A new shooter wonders how to stop recoil bruising.
Q: I took up shooting with my boyfriend 18 months ago. I started with a Miroku Sporter but found the recoil too painful and suffered recoil bruises to my lower shoulder. I now use a semi-auto which has helped a little, but I would like to go back to the over-and-under. Would it stop the bruising if I had it fitted with a recoil pad?
A: John says: A decent recoil pad or recoil reduction system would almost certainly help ease the pain, but first you need to discover what’s wrong with the stock you shoot with.
From what you’ve said I would put money on it not having enough cast at toe to sit comfortably above your breast, and seat properly into your shoulder pocket. In other words the toe of the stock needs to be turned (or cast) outward to keep it clear of the breast. This work can easily be done by a gunsmith who will also round off the stock’s heel to make it easier to mount the gun smoothly and properly.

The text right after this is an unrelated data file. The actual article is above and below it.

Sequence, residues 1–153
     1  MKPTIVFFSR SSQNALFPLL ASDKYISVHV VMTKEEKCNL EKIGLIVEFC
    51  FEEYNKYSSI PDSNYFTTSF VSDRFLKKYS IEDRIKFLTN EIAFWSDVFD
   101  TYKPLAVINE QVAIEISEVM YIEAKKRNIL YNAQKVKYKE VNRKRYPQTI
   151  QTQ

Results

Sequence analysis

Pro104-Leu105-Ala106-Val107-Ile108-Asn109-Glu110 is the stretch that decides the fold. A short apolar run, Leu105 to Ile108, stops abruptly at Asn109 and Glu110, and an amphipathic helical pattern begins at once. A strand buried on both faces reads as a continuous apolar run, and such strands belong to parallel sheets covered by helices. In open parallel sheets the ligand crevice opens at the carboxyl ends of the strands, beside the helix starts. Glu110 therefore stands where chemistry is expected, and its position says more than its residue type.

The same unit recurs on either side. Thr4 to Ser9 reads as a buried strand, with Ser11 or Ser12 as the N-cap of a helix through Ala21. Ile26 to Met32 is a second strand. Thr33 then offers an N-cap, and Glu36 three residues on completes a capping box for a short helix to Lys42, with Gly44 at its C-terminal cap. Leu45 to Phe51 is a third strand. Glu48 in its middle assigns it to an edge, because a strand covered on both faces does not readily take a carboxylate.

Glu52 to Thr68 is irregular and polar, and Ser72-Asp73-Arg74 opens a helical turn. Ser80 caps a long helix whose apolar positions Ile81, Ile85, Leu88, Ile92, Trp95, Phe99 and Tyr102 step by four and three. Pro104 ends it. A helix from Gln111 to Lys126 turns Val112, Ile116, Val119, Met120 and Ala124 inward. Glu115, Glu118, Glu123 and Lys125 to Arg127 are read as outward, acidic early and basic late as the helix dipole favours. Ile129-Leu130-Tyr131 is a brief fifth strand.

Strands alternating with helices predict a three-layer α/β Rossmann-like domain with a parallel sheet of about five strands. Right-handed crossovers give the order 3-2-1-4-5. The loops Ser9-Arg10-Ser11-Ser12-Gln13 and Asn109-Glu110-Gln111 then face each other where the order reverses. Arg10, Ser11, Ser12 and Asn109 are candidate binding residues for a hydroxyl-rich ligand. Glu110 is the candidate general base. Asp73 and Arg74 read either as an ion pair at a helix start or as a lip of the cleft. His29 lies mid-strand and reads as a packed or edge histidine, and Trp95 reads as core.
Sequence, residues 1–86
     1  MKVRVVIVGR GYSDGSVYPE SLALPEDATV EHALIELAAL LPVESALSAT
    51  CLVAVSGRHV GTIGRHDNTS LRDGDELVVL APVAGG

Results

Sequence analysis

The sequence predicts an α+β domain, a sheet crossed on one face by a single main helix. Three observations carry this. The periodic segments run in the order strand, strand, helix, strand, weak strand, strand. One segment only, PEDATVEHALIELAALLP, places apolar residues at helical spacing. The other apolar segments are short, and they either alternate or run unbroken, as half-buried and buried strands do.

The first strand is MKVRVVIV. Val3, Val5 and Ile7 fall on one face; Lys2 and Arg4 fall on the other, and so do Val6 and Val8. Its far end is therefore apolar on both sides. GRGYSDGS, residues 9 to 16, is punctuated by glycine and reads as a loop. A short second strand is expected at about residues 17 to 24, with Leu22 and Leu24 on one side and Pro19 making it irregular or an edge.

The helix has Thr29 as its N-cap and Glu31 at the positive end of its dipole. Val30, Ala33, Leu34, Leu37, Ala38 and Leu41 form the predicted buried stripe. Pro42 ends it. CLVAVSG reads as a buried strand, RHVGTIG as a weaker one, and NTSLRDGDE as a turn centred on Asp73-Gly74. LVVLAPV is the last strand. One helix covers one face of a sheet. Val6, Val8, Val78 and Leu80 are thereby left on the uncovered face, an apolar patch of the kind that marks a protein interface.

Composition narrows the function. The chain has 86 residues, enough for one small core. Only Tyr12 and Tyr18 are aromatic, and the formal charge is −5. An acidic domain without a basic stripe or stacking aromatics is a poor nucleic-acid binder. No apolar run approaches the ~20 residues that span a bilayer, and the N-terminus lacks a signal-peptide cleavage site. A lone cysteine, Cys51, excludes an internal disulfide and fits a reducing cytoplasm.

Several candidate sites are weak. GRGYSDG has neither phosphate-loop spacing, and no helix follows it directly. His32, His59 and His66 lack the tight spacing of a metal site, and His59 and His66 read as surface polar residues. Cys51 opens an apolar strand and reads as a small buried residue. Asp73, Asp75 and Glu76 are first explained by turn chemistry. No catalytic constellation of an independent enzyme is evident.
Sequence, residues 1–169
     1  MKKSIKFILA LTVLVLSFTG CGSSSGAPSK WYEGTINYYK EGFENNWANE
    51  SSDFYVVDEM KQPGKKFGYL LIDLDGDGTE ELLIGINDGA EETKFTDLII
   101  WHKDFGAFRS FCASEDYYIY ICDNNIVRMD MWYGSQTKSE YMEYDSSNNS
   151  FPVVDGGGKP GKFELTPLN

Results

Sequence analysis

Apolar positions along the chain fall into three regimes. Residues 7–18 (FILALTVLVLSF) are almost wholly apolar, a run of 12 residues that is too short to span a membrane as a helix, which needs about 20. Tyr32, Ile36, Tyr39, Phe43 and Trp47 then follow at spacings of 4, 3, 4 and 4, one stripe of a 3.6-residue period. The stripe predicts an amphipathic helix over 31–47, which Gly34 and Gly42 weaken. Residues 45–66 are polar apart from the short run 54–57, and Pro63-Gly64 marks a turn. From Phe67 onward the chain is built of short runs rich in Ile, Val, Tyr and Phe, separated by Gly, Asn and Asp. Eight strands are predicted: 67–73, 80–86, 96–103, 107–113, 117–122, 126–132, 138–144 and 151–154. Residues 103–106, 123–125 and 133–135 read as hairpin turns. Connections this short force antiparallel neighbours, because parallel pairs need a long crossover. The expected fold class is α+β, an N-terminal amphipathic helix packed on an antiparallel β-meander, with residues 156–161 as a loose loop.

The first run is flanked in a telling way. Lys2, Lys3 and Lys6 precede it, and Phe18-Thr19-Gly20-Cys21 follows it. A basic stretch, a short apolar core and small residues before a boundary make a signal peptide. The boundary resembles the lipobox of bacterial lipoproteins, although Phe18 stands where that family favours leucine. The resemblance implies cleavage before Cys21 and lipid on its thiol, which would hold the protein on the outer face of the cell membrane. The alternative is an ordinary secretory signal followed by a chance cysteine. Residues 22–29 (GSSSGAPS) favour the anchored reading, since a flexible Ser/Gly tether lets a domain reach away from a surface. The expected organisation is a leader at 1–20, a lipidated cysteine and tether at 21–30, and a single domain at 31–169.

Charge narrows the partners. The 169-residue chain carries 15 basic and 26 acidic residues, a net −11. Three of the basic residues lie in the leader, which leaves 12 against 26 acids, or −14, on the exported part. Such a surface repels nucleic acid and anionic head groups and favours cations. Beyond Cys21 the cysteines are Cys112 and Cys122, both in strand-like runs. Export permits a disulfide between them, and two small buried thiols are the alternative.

My father, who is in his 60s, has started to enjoy clay shooting trips with me. Only problem is that…
And another question about recoil bruising …
Q: As a lady, should I use a 12-bore to reduce recoil? I’ve spoken to other women who shoot and they use heavier 12-bores to get over the problem. Trouble is, my husband won’t listen to me changing guns because, he says, the 20 is a lady’s gun. What do you think?
A: John says: 12 and a 20-bore are pretty much identical when it comes to performance but the lighter gun can tend to recoil a little more with 28gm competition cartridges. This might not be too much of a problem on a game shoot but the effects do become noticeable if a fair number of cartridges are fired in quick succession, as at a clay shoot.
What you need to remember is that recoil doesn’t have to be excessive to bring about a drop in performance, missed targets and tiredness. The cumulative effect of firing 100 cartridges even with ‘average’ levels of recoil in a day will produce the same result. In really bad cases recoil can also cause a shooter to start flinching and create triggering troubles.
Despite what your husband might say, a slightly heavier 12-bore will help protect you from the evils of recoil and probably bring about improved scores along the way. Just make sure the gun is stocked to the correct length and has sufficient cast at toe to avoid bruising.